In this week's 3@3, Al and Steve discuss the things individuals and organisations should consider before embarking on a transformation programme.
Al kicks off with a hotly debated question in our sector, the definition of 'Digital'.
What does digital mean to your business?
The answer to this question is usually...it depends.
Steve stresses that the best way to tackle this deceptively tricky question is to first assess your organisation's digital purpose. Steve uses an example of a community trust organisation, where a client board or senior stakeholders defined the brief surrounding the DT programme, they believed that the organisation should be using the latest technology in the most advanced way to deliver the most compelling service for their clients.
However, when they drilled down further, to understand the requirements better, the board's assertions didn't come from within the organisation, but rather from their perception of how their competition used tech. By bringing the conversation emphasis back to the digital purpose, it was clear the organisational objectives could be fulfilled using their existing technology stack to its full effect.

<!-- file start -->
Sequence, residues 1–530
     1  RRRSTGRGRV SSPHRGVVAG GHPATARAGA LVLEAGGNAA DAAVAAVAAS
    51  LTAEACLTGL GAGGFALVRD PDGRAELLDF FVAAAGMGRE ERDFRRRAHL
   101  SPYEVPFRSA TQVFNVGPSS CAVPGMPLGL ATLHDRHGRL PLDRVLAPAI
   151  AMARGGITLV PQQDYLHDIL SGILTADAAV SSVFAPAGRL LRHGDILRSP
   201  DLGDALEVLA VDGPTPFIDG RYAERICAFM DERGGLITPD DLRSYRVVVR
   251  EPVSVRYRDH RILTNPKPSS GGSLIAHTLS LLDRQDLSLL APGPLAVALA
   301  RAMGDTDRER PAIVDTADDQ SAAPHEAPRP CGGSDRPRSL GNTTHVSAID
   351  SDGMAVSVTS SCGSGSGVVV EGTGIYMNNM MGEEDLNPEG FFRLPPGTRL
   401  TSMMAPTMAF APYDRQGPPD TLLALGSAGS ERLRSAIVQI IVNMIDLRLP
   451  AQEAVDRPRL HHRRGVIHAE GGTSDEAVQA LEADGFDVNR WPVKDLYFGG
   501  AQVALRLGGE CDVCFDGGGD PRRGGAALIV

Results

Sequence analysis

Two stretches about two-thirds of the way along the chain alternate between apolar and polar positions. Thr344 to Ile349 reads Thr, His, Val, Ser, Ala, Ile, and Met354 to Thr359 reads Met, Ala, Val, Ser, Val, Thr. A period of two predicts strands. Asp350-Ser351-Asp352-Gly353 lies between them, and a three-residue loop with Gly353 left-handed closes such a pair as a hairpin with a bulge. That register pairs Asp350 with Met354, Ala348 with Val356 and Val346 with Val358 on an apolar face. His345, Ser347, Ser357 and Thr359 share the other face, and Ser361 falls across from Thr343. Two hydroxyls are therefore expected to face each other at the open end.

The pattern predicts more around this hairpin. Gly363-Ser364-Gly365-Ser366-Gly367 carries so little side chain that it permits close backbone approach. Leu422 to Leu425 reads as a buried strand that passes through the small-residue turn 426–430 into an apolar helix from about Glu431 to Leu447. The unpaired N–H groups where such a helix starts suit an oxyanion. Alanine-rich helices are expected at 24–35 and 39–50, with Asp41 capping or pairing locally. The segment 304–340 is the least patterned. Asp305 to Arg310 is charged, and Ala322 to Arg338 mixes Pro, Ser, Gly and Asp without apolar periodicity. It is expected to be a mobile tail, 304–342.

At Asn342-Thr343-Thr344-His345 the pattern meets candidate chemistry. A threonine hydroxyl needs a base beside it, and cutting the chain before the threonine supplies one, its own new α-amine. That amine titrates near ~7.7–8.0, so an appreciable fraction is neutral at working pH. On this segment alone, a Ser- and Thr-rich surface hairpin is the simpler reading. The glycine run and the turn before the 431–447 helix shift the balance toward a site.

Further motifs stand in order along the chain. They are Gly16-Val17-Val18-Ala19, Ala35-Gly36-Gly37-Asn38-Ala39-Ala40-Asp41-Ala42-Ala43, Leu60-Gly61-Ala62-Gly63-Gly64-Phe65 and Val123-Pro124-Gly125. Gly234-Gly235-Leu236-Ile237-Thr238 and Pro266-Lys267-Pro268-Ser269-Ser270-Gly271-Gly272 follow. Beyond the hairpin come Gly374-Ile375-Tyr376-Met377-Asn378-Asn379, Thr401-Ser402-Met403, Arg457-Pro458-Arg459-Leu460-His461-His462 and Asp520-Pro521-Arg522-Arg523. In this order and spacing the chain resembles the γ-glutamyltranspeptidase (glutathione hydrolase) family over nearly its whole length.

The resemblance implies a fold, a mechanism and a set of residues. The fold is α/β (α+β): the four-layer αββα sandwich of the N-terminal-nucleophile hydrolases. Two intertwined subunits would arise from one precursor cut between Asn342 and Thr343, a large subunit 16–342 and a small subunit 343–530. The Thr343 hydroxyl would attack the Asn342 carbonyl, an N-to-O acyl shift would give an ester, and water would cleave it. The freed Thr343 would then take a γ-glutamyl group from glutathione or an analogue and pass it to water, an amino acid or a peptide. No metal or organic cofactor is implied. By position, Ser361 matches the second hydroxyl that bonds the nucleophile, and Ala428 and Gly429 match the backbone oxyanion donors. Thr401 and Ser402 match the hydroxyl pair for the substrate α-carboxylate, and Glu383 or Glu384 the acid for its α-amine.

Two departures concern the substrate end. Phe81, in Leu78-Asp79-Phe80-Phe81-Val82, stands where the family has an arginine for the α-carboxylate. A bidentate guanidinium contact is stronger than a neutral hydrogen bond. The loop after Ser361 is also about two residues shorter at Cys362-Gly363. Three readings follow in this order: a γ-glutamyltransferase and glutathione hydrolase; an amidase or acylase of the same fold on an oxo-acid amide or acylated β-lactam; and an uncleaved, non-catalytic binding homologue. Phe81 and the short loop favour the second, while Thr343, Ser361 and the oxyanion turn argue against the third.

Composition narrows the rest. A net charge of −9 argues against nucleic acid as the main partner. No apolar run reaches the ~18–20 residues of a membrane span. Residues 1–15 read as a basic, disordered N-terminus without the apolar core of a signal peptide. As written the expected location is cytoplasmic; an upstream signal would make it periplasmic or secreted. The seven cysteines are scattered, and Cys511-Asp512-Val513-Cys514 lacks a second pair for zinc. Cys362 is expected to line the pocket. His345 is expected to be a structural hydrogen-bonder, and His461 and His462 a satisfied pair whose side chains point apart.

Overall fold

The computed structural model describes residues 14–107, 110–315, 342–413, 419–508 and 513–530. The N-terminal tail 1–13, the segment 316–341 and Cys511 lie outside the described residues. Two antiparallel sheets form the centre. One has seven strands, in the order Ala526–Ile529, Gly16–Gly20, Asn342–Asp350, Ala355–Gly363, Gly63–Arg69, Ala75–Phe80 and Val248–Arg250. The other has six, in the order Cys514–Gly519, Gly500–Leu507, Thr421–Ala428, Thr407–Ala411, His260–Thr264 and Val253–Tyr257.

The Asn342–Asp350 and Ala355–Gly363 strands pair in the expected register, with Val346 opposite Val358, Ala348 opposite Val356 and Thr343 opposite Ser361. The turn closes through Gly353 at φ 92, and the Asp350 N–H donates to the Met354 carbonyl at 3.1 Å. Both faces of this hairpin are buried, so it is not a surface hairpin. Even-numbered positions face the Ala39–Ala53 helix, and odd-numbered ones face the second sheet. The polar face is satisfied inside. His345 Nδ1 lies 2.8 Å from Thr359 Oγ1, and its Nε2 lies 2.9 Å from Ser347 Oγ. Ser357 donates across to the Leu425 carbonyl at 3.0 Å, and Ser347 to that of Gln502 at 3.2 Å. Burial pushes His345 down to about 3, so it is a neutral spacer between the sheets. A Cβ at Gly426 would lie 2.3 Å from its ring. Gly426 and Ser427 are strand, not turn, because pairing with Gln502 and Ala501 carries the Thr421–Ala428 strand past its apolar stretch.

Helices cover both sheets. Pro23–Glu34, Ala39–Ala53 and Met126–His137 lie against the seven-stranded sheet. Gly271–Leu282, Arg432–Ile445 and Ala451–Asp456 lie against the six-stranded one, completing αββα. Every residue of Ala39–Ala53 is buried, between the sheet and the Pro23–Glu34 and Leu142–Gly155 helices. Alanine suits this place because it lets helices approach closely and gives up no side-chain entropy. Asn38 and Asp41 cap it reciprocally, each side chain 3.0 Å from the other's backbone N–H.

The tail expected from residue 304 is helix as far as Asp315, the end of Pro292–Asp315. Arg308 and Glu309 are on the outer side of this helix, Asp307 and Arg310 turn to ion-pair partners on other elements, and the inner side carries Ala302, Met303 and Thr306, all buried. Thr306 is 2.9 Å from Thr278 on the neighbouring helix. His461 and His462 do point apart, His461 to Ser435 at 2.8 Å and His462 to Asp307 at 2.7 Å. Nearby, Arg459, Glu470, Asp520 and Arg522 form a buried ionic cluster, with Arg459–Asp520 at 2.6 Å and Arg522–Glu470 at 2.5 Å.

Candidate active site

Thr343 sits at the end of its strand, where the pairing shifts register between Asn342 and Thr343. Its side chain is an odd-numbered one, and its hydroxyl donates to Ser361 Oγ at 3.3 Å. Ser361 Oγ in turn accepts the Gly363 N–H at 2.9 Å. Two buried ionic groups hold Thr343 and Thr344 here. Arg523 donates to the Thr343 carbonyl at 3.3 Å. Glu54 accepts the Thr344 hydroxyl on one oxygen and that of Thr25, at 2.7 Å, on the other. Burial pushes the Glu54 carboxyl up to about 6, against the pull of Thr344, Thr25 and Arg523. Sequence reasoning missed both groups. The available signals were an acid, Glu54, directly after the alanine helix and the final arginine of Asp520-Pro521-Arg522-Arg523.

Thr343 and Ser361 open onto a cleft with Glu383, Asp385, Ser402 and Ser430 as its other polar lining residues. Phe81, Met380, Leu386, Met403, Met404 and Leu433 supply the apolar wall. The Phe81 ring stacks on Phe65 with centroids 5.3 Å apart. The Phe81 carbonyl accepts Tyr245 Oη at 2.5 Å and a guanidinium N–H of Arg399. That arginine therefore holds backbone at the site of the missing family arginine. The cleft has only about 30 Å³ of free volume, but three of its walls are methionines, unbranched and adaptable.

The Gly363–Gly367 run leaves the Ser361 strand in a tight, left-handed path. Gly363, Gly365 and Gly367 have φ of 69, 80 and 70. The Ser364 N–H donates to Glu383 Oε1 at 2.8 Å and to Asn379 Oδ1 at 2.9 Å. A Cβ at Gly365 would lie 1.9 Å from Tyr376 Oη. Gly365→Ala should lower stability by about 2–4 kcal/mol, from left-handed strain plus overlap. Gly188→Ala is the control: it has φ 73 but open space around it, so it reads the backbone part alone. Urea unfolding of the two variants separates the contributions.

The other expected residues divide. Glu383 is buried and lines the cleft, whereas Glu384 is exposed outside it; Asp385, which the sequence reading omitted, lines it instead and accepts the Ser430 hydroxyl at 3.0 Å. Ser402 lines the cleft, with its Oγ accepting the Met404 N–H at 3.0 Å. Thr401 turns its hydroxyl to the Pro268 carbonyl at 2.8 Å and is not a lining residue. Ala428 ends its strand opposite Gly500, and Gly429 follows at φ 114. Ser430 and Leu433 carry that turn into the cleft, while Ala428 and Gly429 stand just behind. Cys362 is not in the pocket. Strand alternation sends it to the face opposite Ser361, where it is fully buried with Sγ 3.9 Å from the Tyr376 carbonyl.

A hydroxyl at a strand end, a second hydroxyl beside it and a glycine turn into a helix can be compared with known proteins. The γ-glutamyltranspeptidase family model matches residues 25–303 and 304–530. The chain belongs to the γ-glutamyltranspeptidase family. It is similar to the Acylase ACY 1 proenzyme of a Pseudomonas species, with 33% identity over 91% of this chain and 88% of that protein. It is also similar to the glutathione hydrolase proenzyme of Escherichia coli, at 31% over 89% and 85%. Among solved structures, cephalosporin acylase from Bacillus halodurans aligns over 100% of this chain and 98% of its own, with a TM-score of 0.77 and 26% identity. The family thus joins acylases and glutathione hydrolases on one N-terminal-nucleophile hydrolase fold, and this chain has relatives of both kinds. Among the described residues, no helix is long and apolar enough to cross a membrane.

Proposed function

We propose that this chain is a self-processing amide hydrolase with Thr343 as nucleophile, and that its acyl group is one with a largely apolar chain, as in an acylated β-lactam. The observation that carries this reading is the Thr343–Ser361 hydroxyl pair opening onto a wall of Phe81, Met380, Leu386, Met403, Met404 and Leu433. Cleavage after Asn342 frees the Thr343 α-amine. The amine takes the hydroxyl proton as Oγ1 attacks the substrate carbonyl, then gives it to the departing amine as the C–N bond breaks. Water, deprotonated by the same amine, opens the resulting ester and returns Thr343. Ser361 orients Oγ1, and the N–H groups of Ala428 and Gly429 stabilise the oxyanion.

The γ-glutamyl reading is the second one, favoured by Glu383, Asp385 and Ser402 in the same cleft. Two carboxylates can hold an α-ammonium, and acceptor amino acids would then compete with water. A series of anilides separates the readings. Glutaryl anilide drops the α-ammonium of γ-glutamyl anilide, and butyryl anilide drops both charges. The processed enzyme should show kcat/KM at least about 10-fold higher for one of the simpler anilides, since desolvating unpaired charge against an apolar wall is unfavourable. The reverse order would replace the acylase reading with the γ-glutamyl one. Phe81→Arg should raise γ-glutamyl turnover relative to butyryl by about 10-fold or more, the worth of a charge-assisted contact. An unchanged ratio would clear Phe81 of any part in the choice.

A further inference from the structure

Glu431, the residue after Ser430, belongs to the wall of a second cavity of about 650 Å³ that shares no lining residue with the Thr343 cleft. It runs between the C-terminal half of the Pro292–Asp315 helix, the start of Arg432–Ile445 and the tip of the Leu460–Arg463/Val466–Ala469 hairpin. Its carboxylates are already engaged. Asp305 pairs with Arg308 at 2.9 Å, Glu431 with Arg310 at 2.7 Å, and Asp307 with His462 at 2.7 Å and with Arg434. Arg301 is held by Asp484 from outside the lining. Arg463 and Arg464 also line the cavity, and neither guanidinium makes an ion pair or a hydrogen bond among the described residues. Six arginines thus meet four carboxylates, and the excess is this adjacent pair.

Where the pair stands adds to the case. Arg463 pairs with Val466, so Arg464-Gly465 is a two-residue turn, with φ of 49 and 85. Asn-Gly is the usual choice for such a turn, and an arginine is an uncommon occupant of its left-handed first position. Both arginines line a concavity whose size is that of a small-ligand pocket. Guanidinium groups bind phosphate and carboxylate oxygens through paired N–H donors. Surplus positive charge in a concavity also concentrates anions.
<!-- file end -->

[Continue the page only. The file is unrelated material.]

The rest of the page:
Steve argues that rather than fancy apps and hardware, often the DT spend needs to start on more housekeeping activities or tech such as CRM systems (customer relationship management) and without proper setup and implementation of the more un-glamorous elements of business as usual activities, enhanced DT (addition of new technologies) can not progress and that the purpose should dictate the direction of the DT activities, more than any brief. And that by defining digital purpose, you can be clearer on how to drive value and interactions with your customers.
Al talks about market noise and the knee jerk reaction by some boards that see new or emerging 'shiny' technologies as the answer to transformation programmes. And states while aspirational technology is important and has a place in a DT roadmap, if it's not adding value then it probably shouldn't be looked at in the initial part of the change programme.
Al talks about the importance of visioning techniques when defining digital aspirations and the importance of shifting mindsets.
Al talks about where skills requirement training comes into the DT journey and suggests that mindset is key here (citing Carol Dweck's book Mindset). Businesses need a mix of fixed and growth mindset to get things done now but also to adapt to the future. He talks about the importance of bringing the fixed mindset employee with you to strip away worry and re-frame the new as an opportunity for the business and individuals alike.
They discuss the false notion that Digital Transformation automatically means a people are going to lose jobs and everything is going to be automated. And goes into detail how you might combat that fear, using real-world examples.